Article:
They also use depictions of the awfulness of racism to accuse a book of racism. In True Diary, the teller of a vile, racist joke gets punched in the face by our hero. I think that’s a pretty clear anti-racist message.

And the so-called anti-Christian tone of the book is based on one cartoon that depicts Jesus farting and burping. Since Jesus was human then he most assuredly farted and burped. And if God did create us in God’s image then God must fart and burp as well.

Book banners are terrified of the human body.

Guernica: Is there a measure of censorship in schools that’s appropriate? Where do you see the line being drawn, ideally?

Sherman Alexie: If a parent doesn’t want his/her child to read a book then there is always an alternative text to read. But the book banners want to control what every child reads. 

I believe in any kid’s ability to read any book and form their own judgements. It’s the job of a parent to guide his/her child through the reading of every book imaginable. Censorship of any form punishes curiosity.

Guernica: Do you see any connection between the school districts that have banned your books? Is there a prototypical book-banning culture, in your experience? 

Sherman Alexie: The school districts are almost always exclusively white and heavily Evangelical Christian. 

I love to scare the already terrified assholes.

Guernica: True Diary made the list of the ten most frequently challenged books in both 2010 and 2011, and The Lone Ranger and Tonto Fistfight in Heaven was taken out of schools in Arizona when they shut down the state’s ethnic studies programs earlier this year. Have you felt, in the wake of all of this, any compulsion to censor yourself? Is there a certain amount of honesty you’d be willing to surrender for the sake of getting your books in more kids’ hands?

Sherman Alexie: I refuse to censor myself and kids will find their own way to my books and to all of the books that matter to them. As I write more honestly more kids will make their way toward me. And in subverting their repressive parents kids will learn the value of subverting the repressive nature of all authority figures.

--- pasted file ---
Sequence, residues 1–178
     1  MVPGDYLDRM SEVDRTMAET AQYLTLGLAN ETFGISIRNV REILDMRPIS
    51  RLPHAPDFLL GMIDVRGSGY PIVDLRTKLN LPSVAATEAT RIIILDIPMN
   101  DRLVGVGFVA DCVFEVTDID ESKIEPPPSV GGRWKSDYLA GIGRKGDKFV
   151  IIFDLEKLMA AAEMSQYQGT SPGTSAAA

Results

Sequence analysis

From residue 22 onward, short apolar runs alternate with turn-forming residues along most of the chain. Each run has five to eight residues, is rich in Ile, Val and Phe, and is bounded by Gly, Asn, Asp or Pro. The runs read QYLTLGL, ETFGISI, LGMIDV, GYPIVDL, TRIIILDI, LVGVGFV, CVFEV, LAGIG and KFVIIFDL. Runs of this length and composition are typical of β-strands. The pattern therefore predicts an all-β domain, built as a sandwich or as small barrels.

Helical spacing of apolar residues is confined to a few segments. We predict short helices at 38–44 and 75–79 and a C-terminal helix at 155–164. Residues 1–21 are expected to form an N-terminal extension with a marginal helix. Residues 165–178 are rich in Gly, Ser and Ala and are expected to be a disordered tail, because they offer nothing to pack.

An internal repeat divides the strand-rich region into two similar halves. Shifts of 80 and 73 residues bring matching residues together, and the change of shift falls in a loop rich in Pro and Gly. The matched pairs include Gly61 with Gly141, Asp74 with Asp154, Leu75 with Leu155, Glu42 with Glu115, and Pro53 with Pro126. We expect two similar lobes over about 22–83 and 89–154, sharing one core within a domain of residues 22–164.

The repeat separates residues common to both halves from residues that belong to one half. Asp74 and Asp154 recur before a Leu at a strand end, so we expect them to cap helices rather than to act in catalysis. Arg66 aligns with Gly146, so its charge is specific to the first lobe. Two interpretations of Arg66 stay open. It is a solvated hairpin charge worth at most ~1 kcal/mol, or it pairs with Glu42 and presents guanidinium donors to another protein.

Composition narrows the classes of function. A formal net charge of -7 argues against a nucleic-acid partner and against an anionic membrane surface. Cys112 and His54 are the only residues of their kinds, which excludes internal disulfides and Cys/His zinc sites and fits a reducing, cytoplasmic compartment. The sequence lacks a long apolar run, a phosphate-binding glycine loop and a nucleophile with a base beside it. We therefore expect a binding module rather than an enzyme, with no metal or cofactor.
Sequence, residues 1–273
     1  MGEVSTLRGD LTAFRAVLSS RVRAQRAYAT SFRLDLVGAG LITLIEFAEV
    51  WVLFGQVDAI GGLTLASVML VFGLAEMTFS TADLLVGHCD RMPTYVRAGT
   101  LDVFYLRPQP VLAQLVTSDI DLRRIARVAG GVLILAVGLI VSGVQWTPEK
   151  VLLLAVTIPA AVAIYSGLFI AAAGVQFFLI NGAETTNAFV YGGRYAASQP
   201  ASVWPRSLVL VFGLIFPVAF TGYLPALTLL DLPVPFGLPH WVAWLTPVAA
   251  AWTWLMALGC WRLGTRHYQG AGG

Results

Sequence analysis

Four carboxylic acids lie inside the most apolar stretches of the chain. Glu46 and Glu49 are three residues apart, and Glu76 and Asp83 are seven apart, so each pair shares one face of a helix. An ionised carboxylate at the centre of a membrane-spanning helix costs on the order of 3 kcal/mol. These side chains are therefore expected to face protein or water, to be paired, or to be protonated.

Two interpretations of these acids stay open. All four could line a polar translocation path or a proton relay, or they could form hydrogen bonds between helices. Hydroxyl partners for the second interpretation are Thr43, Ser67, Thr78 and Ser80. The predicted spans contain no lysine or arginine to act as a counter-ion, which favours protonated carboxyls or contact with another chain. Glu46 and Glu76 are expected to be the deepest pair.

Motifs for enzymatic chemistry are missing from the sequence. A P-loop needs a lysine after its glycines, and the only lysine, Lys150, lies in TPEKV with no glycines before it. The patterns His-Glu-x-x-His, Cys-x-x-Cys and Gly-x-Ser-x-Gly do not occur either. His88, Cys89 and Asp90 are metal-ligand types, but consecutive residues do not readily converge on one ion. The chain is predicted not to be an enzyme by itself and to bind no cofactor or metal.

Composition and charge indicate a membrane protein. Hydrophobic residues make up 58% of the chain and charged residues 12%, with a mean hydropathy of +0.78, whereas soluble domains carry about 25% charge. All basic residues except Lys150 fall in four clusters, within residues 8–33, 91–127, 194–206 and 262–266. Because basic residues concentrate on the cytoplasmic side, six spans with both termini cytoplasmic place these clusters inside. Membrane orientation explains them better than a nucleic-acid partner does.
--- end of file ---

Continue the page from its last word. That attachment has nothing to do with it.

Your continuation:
Guernica: Is there some pride in having your writing banned? It could be seen as an acknowledgement of the power of your work, and of books in general, to move people, to change them, to open them to change. I’m reminded of that line of Percival Everett’s: “Imagine how I would feel if monsters like that tolerated my work.” 

Sherman Alexie: My version of Percival’s quote: I love to scare the already terrified assholes.

Guernica: Were there books that you wanted to read when you were growing up, or wish now that you’d been able to, that were banned or otherwise off-limits to you?

Sherman Alexie: My parents banned nothing, though the Christian fundamentalists in my tribe held book-and-record burnings every now and again. So, yes, fundamentalist assholes can also be brown-skinned.

Guernica: Are there any books you’d ban if you had the chance?

Sherman Alexie: We can all learn from every text. Reading the work that disgusts you can only strengthen your core beliefs. I could teach a semester-long course based only on reading the local telephone book. All stories can be taught in valuable ways.

Ed Winstead is an Editorial Assistant for Guernica Daily.

Check out the rest of our Banned Books Week series:


Katherine Paterson interviewed by Nicole Deming

Alice Walker interviewed by Megan Labrise


James M. Decker on Henry Miller

Lucy McKeon on Toni Morrison

Nathaniel Rich on Mikhail Bulgakov